NEW YORK - Three detectives were acquitted Friday in the 50-shot killing of an unarmed groom-to-be on his wedding day, a case that put the NYPD at the center of another dispute involving allegations of excessive firepower.You see, if you attend a few months of police training and receive a nice, shiny badge, then you effectively become not just above the law, but you become the law. Justice and responsibility for one's actions? Why, that's something best left to the proles. And that reality isn't lost on those most familiar with police brutality:
William Hardgraves, 48, an electrician from Harlem, brought his 12-year-old son and 23-year-old daughter to hear the verdict. "I hoped it would be different this time. They shot him 50 times," Hardgraves said. "But of course, it wasn't."And doesn't that just say it all? The police needn't prove that the man they shot dozens of times on his wedding day was guilty beyond a reasonable doubt -- oh no. Why, they merely had to argue that they were scared that something might happen to them, never mind the fact that none of the men they shot at were armed.
The officers, complaining that pretrial publicity had unfairly painted them as cold-blooded killers, opted to have the judge decide the case rather than a jury.
The judge, Justice Arthur Cooperman, indicated when he delivered the verdict that the officers' version of events was more credible than the victims' version. "The people have not proved beyond a reasonable doubt that each defendant was not justified" in firing, he said.
In effect, the men who were shot at -- and in one case, murdered -- were forced by the court to prove they were innocent, rather than requiring the agents of the State to justify shooting at them without evidence of a crime having been committed. At no point did the police need to demonstrate "beyond a reasonable doubt" that the men posed a dangerous threat, just merely that they felt they could be a threat. That's the difference between having a badge and being a mere serf; what would be murder if perpetrated by you or I is just an unfortunate incident with no repercussion's for New York's finest.
Now, you might think that this case demonstrates that the U.S. criminal justice system is broken beyond repair. Police officers can murder with impunity, while possession of a controlled substance can land you an extended prison sentence -- and in some cases, the death penalty.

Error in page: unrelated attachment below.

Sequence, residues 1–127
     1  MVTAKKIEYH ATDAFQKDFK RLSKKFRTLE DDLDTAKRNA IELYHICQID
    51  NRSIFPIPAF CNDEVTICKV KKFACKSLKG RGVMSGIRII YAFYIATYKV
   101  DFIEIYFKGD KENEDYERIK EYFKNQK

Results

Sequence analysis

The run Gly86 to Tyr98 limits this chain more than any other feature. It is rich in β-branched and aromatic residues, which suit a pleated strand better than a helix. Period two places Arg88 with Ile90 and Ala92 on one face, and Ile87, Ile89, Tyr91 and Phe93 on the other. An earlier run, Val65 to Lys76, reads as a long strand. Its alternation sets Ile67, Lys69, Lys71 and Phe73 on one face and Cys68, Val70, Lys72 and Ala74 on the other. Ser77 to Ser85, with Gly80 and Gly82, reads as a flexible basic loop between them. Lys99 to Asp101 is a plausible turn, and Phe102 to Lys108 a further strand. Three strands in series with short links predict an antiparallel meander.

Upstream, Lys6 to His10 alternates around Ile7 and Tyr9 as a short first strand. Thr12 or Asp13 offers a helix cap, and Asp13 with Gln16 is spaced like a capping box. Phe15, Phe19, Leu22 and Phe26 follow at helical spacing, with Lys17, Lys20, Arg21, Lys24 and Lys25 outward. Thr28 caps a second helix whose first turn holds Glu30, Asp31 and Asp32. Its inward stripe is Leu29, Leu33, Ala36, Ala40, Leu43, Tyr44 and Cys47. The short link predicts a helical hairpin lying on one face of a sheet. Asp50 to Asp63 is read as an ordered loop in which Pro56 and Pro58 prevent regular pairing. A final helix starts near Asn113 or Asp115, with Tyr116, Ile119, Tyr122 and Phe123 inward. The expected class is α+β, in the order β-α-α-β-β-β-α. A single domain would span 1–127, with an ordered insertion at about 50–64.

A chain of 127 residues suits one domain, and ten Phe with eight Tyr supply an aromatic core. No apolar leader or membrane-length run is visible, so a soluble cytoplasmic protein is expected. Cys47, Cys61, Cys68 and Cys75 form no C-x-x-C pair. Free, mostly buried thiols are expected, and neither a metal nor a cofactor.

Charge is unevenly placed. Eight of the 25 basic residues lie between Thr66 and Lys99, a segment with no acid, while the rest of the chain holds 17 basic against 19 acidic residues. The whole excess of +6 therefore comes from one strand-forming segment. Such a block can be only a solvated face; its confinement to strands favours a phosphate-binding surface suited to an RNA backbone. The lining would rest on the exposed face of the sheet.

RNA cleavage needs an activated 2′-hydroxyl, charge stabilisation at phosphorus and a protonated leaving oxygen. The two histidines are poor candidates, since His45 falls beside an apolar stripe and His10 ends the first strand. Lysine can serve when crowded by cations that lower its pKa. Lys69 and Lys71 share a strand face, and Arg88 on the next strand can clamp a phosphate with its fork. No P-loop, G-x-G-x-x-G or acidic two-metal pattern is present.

The sad fact is the United States is home to the largest prison population in the world -- the vast majority nonviolent drug offenders -- and an African-American male is more likely to be convicted of a felony than to graduate college. And no amount of rationalization on the part of defenders of the State can defend the horrendous human rights violations perpetrated in U.S. prisons, where rape is joked about by officers and prison guards and condoned as a mere added punishment for the deserving.
But to some, namely those who benefit from the status quo, the U.S. criminal justice system is beyond reproach.
The U.S. attorney's office said after the verdict that it had been monitoring the state's prosecution and would conduct an independent review of the case. The Rev. Al Sharpton, who represents Bell's family, called for a federal investigation.Of course it comes as no surprise that Palladino also came to the defense of the four NYC police officers who shot Amadou Diallo 41 times because they mistook his wallet for a gun. As he told the Austin American-Statesman in an October 26, 2003, article on police shootings (which is available on LexisNexis but not online)
"This verdict is one round down, but the fight is far from over," Sharpton said on his radio show. "What we saw in court today was not a miscarriage of justice. Justice didn't miscarry. This was an abortion of justice."
Michael Palladino, president of the Detectives Endowment Association, responded angrily to Sharpton's suggestion that the verdicts were unfair.
"That's despicable for him to say that because we have the greatest criminal justice system on earth," he said.
"They just become political pawns," said Detective Michael Palladino, the organization's executive vice president and the vice president of the Detectives Endowment Association of New York, which closely monitored the trials of the four officers involved in the 1999 incident. "It is gut-wrenching for the officers."Poor guys; the stress of standing trial for murdering unarmed individuals is absolutely gut-wrenching.
Just imagine the stress they would feel if there was actually a chance they would ever be convicted (emphasis on "imagine").